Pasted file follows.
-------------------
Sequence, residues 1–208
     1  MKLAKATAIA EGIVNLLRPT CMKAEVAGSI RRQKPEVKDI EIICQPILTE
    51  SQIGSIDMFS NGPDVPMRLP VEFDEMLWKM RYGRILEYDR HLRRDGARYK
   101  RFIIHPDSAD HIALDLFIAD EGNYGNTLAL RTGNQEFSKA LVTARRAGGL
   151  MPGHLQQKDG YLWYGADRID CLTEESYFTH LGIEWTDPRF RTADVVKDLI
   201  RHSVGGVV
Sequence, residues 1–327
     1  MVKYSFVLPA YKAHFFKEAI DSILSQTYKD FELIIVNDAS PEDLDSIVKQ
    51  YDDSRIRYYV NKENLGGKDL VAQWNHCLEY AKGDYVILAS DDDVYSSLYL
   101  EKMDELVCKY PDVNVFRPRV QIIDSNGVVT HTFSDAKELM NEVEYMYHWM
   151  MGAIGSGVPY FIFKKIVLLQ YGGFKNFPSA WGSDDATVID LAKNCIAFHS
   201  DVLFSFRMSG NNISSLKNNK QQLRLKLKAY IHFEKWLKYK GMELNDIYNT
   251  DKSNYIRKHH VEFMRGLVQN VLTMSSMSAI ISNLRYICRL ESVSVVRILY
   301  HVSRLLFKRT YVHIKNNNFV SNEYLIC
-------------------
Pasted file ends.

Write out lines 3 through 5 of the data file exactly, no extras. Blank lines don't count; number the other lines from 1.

    51  SQIGSIDMFS NGPDVPMRLP VEFDEMLWKM RYGRILEYDR HLRRDGARYK
   101  RFIIHPDSAD HIALDLFIAD EGNYGNTLAL RTGNQEFSKA LVTARRAGGL
   151  MPGHLQQKDG YLWYGADRID CLTEESYFTH LGIEWTDPRF RTADVVKDLI